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“As consumers we have so much power to change the world just by being careful in what we buy”. Emma Watson

Black Friday is nowadays commonly used to indicate the popular weekend following the US festivity of “Thanksgiving”, when retailers offer special promotions and are “in the black”, i.e. they are profitable. 
According to experts, Black Friday has recently turned into the busiest shopping day of the year. Yet, even though promotions are an allegedly effective way to attract consumers, the environment is the one that’s paying the full price for it. 

For people with little purchasing power, being able to buy a necessity at a lower price is, of course, a benefit. The problem comes with those who have more than enough and still get obsessed with the necessity to buy “something” on that day. Despite surveys showing an increasing concern of people towards the environmental price of BF, according to Adobe Analytics, the volume of Black Friday and Cyber Monday sales this year are set to increase by almost 20% compared to last year. In addition, forecasts show that the pandemic will further strengthen online shopping, leading to even greater carbon emissions levels: just imagine that, during the 2017 BF week, every 93 seconds a diesel truck would leave an Amazon fulfillment centre - this accounting for only one slice of the whole pie. Besides that, this event will also impact the 50 millions tons of electronic waste generated each year, and play a major role in the amount of textile landfilled or burned. According to a study from the Ellen McArthur Foundation, a truckload of textiles is wasted every second

A striking way to look at the whole issue is considering that the Earth Overshoot Day, i.e. the day when humanity has used up all the available resources for that year's time, is falling earlier and earlier each year - with the rare exception of 2020's EOD landing on August 22nd, compared to July 29th 2019, a result very likely impacted by the pandemic, according to experts.

Let’s look at how we could reverse the trend together and what thegreenlabels are engaging in to transform such an environmentally black day into a greener one.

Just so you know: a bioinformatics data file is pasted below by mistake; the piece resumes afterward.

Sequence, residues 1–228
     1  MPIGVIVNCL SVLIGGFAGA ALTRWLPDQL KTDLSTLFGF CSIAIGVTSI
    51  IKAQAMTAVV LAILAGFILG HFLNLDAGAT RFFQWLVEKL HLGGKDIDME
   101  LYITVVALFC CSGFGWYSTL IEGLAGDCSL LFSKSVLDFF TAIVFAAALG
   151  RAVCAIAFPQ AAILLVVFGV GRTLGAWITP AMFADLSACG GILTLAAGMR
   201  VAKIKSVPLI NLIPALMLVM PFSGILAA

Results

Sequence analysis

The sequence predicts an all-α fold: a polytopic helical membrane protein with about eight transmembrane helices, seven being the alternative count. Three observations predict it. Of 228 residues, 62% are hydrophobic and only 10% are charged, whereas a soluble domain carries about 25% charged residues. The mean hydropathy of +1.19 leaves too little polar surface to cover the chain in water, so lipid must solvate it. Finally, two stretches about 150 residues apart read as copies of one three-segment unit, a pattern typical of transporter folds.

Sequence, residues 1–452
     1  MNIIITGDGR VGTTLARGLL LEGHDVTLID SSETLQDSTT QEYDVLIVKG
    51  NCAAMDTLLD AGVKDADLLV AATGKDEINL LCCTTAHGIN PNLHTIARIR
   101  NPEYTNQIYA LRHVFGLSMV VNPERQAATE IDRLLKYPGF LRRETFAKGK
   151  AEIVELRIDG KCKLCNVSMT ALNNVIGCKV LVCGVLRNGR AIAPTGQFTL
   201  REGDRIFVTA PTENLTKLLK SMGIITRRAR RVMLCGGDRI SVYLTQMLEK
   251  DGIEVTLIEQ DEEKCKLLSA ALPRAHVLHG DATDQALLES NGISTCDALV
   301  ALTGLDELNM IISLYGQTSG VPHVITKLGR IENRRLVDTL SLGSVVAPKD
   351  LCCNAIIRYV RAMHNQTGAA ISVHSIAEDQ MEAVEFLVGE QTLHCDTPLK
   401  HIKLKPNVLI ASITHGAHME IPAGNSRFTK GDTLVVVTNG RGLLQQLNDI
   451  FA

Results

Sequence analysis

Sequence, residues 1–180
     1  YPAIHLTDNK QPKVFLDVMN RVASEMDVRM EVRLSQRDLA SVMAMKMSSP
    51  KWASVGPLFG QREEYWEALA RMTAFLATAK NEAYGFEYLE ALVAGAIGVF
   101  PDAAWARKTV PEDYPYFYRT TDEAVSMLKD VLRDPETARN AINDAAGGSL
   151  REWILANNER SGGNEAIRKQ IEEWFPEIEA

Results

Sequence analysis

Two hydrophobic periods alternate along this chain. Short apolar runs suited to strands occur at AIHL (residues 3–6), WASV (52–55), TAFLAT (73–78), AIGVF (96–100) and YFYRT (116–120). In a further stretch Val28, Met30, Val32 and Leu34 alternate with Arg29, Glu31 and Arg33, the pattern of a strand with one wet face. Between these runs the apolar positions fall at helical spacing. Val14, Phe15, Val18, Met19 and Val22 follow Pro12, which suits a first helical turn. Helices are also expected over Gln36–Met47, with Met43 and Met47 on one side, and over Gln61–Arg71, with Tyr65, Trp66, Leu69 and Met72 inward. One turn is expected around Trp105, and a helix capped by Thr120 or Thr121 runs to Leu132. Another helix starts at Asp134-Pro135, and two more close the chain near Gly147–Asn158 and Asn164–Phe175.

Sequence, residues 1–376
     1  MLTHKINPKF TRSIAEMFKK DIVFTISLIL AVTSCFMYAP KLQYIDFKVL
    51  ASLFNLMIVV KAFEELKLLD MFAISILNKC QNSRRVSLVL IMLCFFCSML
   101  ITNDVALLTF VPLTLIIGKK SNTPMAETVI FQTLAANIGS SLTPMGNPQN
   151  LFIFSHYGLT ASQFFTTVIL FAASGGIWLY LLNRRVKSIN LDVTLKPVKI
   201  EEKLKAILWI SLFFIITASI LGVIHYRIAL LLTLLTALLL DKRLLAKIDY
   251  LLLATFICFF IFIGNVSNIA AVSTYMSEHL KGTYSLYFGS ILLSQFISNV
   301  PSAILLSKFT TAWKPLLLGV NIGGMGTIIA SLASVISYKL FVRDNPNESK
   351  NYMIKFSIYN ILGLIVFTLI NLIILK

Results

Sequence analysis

Fast buying is not a good choice. Don’t fall into the marketing trap!

There are a number of reasons why we at thegreenlabels stand for slow fashion and slow consumption in general. Besides usually engaging in true love relationships with what we buy, we are keen on using our brains to carefully think before clicking that “buy” button. In fact, fast purchases are usually driven by the unconscious side of our brain, something that all Black Friday advocates try their hardest to stimulate. Cutting-edge promotions are in fact the quickest way to arouse a need in the consumer that would otherwise not be there. Our advice to keep yourself from falling into the “promotions trap” this week is to think at least three times before buying new stuff. Ask yourself whether you need such a new item, whether you will actually use it at least a considerable number of times - and not just twice before throwing it to the trash room -, whether it is the best option on the market to account for lower environmental impacts and better laboural conditions. Finally, don’t forget the majority of Black Friday purchases happen online and goods are often shipped from very far away. 

We will plant trees, instead 💚

All this has led thegreenlabels - and together with The Green Beauty Market, Plantsome, Decathlon, Rewind Design and Moyee Coffee - to join Dille & Kamille on their Green Friday project. The project involves every partner to donate a voluntary amount (€ more or less equaling ) to Trees for All for the plantation of trees in the Netherlands, Belgium and Costa Rica. The amounts donated are respectively: Dille & Kamille 2500€, Decathlon 4000€, The Green Beauty Market 500€ and thegreenlabels 500€. Other partners will engage in the donation to other tree associations, therefore the amount of covered by this initiative will be totaling 7,500 + (not accounting for the share of Moye Coffee and Rewind Design). The aim? To take direct action as business players in the fight against the negative environmental effects of this black day, or week. 

So guys, let’s grow some bushes around the world instead of piles of useless stuff in our homes! 

***If you want to take an extra action, we have decided to plant an additional tree for every comment you will leave under our Green Friday feed post, where we’ll want to hear about your conscious-consumer hacks. So, follow us on Instagram and spread the word!

***UPDATE***: Thanks to the Green Friday initiatives we were able to plant a total of 108 trees among the Netherlands, Belgium and Costa Rica. Thanks to everyone who made this possible! 💚

Sources

https://www.businessinsider.nl/why-is-it-called-black-friday-2017-11?international=true&r=US
https://www.nationalgeographic.com/environment/2018/11/how-black-friday-cyber-monday-impacts-environment/
https://www.channable.com/blog-the-2020-black-friday-forecast/
https://www.euronews.com/2019/11/29/is-black-friday-bad-for-the-environment-activists-take-on-shopping-frenzy
https://qz.com/1758551/black-fridays-environmental-cost-leads-to-worldwide-protests/
https://www.bustle.com/p/should-black-friday-be-stopped-heres-what-environmental-experts-think-19355000
https://www.overshootday.org/newsroom/past-earth-overshoot-days/